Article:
Apple has improved the GPU in the M3 over the M2, which should make it a better fit for gaming. It has gained some cores and support for mesh shading and ray tracing, but we're still in integrated graphics territory. There is some spark of life, however. Firing up Metro Exodus shows no sign of ray tracing, but it does run in 1080p at medium settings (though attempting to change this to high caused the game to lock up and it had to be forced to quit). 

In the flamethrower-heavy Two Colonels DLC there are plenty of fire effects and giant worms to deal with, and using macOS Sonoma's built-in tools (the Steam frame counter refuses to work) it's possible to watch the frame rate wander between around 30 and 50 fps as the worms get roasted. It's not too bad for a console-quality experience.

In Resident Evil 4, installed from the Mac App Store, 60 fps is possible with high texture quality at 1080p, though there's a weird shimmer to some textures, especially Leon's hair, which I put down to the MetalFX upscaling. A frame rate in the 50s is more common, but the game has some of the best controller support I've come across, with multiple button layouts for Xbox, PlayStation and other controllers.

Apple MacBook with M3 silicon used as a gaming laptop

(Image credit: Future)

I'd failed to get an Xbox controller to pair with the Mac, so was using an 8bitDo pad with a Nintendo-style layout, and it was nice to see this reflected in the game instead of relying on muscle memory that the X a game wanted me to press was in fact Y. It does, however, take a little work in the settings to get it into fullscreen mode on an external monitor, and the game refuses to even run without iCloud Drive enabled for its save files.

Meanwhile, back on Steam in Feral Interactive's port of Shadow of the Tomb Raider, 1080p high settings are completely playable, hovering around 35-45 fps in the busy Cozumel section, which remained consistent once the game progressed to jungle areas, though there was some camera judder as it panned across the crowds.

In Metro, I set the game to use 6GB of VRAM, but SOTTR pushed up into 8GB territory. Apple's chips use a unified memory architecture, and the M3 Air has 16GB to share between its various processors, so letting the GPU grab half leaves a respectable amount left over for the CPU, though more is always better.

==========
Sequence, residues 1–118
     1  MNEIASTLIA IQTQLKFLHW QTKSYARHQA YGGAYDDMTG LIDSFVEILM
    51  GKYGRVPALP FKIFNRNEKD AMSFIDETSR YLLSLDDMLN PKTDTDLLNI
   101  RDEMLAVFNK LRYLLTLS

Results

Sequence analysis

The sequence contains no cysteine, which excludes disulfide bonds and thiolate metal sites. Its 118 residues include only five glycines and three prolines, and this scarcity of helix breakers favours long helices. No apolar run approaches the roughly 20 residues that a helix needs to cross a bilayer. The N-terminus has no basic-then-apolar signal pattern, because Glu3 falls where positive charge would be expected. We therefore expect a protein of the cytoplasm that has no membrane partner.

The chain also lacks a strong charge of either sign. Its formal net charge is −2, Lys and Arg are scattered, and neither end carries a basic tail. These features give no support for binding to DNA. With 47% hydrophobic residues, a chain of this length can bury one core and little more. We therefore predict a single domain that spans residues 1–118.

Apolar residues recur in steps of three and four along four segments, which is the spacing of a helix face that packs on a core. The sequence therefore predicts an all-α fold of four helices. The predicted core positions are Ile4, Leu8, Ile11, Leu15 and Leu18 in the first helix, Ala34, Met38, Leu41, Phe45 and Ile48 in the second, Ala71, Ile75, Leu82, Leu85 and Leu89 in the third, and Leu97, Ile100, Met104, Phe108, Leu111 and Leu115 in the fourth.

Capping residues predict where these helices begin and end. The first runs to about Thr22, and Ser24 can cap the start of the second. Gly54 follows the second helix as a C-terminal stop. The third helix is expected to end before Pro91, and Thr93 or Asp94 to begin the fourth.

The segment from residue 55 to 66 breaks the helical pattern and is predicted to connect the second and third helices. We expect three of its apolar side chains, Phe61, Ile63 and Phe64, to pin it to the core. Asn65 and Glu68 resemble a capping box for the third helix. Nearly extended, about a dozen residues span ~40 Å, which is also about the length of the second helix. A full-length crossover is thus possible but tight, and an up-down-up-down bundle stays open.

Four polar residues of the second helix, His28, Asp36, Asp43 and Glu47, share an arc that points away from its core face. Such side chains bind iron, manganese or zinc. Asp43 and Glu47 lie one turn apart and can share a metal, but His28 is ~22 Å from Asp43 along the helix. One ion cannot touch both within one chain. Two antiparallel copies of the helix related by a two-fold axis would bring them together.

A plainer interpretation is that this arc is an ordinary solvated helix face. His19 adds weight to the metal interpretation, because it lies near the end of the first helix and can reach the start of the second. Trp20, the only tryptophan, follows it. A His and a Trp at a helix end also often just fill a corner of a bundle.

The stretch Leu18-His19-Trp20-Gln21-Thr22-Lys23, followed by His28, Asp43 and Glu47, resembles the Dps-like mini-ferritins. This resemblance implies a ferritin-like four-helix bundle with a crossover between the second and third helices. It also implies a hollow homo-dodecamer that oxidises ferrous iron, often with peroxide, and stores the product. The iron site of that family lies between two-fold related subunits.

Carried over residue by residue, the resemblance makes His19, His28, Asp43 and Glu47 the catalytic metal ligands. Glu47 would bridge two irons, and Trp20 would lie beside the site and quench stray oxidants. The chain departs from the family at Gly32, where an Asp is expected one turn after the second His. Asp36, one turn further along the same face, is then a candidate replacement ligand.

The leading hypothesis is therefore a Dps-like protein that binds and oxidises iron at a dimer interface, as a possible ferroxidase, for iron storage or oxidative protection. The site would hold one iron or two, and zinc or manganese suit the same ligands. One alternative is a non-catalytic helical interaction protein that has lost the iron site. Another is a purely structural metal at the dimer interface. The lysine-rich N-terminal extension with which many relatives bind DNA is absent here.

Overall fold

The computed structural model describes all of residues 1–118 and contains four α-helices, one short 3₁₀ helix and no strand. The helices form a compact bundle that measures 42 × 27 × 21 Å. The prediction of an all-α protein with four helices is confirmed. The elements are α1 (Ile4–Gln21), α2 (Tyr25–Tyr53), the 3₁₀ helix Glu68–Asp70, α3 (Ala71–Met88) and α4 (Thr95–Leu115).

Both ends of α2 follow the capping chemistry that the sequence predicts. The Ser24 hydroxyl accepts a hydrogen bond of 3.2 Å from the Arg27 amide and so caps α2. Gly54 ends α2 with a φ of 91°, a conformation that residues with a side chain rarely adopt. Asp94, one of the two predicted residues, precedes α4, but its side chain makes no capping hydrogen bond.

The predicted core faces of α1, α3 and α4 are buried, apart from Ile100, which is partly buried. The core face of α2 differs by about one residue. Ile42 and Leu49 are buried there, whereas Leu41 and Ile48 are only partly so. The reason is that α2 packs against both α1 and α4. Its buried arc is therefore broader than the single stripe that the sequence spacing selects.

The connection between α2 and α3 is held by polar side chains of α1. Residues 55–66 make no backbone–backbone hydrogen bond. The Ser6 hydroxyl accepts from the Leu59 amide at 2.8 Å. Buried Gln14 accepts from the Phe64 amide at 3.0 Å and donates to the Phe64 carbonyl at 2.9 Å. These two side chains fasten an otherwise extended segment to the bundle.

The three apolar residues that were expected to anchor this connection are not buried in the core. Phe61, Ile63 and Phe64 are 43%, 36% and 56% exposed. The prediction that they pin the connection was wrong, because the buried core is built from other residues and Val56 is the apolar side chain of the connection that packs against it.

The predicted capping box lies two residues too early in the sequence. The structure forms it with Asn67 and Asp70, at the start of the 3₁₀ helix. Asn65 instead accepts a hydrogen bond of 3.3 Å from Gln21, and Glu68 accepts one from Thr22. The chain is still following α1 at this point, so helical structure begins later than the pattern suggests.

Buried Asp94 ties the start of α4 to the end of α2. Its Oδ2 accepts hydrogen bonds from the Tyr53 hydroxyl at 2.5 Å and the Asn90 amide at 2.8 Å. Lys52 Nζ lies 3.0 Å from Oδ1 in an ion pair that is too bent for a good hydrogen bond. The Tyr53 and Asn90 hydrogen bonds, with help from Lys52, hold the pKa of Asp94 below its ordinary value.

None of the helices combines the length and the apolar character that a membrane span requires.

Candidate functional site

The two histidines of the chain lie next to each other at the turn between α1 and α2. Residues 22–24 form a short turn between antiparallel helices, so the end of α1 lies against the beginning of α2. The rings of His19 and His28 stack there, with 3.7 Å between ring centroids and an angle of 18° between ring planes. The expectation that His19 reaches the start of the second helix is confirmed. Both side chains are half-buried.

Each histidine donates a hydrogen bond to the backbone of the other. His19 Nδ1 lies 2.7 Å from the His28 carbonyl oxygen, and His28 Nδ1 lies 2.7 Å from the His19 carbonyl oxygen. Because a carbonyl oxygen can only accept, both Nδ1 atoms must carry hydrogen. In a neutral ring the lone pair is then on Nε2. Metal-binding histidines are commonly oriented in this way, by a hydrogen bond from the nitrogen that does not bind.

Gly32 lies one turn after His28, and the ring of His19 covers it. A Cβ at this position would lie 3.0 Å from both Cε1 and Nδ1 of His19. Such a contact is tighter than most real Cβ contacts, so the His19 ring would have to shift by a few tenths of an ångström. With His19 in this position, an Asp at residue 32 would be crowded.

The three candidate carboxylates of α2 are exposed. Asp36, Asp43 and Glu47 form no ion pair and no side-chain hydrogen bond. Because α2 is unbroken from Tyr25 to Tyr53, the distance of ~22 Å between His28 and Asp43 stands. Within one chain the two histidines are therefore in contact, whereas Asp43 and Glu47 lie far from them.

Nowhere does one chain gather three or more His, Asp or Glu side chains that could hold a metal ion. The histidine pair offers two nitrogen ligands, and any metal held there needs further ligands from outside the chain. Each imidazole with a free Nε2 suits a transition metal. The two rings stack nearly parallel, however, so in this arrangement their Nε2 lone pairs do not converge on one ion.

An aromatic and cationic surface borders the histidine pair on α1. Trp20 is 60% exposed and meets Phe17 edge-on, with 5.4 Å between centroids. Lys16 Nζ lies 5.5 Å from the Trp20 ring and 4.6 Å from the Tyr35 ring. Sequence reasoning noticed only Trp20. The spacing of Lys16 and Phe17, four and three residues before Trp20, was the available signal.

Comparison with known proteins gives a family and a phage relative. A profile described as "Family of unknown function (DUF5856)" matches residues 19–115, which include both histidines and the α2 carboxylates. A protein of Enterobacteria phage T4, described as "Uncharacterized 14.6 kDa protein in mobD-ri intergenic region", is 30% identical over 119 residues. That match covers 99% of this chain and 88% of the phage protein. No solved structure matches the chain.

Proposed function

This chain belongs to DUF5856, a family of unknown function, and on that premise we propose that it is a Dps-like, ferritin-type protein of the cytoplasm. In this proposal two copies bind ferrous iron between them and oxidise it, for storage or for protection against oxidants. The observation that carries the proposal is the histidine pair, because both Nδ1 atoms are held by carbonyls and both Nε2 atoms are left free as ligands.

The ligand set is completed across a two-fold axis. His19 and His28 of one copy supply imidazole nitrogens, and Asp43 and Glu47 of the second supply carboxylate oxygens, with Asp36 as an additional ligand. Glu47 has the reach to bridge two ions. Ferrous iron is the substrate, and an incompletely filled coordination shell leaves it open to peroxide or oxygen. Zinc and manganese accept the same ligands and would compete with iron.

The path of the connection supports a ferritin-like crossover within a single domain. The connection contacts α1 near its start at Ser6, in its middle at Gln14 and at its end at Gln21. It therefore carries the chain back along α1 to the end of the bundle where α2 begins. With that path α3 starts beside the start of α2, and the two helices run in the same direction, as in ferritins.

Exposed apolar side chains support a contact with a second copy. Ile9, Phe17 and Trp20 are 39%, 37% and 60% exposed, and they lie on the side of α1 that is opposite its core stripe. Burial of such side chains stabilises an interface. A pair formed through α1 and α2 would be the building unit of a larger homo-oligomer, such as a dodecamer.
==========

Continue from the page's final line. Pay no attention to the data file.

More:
Feral has also ported many Total War games to Mac, and the latest, Pharaoh, became available last year. Its recommended graphics settings put it at 900p and a mysterious ‘custom' quality, but I changed this to 1080p and medium to get 100 fps in the battle tutorial scene. Changing this to high quality dropped the frame rate to the neighbourhood of 45 fps, and while the plain desert environment probably had something to do with this excellent performance it bodes well for the rest of the game.

In the city of Baldur's Gate, renowned for causing frame rates to dip even on desktop PCs, BG3 once again defaulted to 900p and medium settings—Steam Deck quality, essentially—but I jacked this up to 1080p, though still at medium. There seems to be a slight problem with load times—the M3 Air's SSD posts a transfer speed of around 3,000Mbps, which isn't as fast as the latest PCIe 4.0 drives but is hardly SATA hard drive territory—with characters remaining in T-poses longer than expected, and an overall frame rate sitting around 20-30 fps suggests I should have left it at the lower resolution.

Gaming on Mac in 2024, then, isn't a complete bust, and the M3 actually does very well for a chip with integrated graphics. The ARM architecture is coming to PC later this year with Snapdragon chips from Qualcomm, and it's unlikely to be the only company offering them in the long term. And the more options there are running this kind of non-x86 silicon the more emphasis there will be on game developers to actually spend some resources making them work.

While it's impossible to recommend buying a Mac purely for gaming purposes right now, if you've got one for graphic design, architecture, or just showing off in coffee shops, then it has got the guts to provide a reasonable portable experience, even if the software availability still leaves a bit to be desired.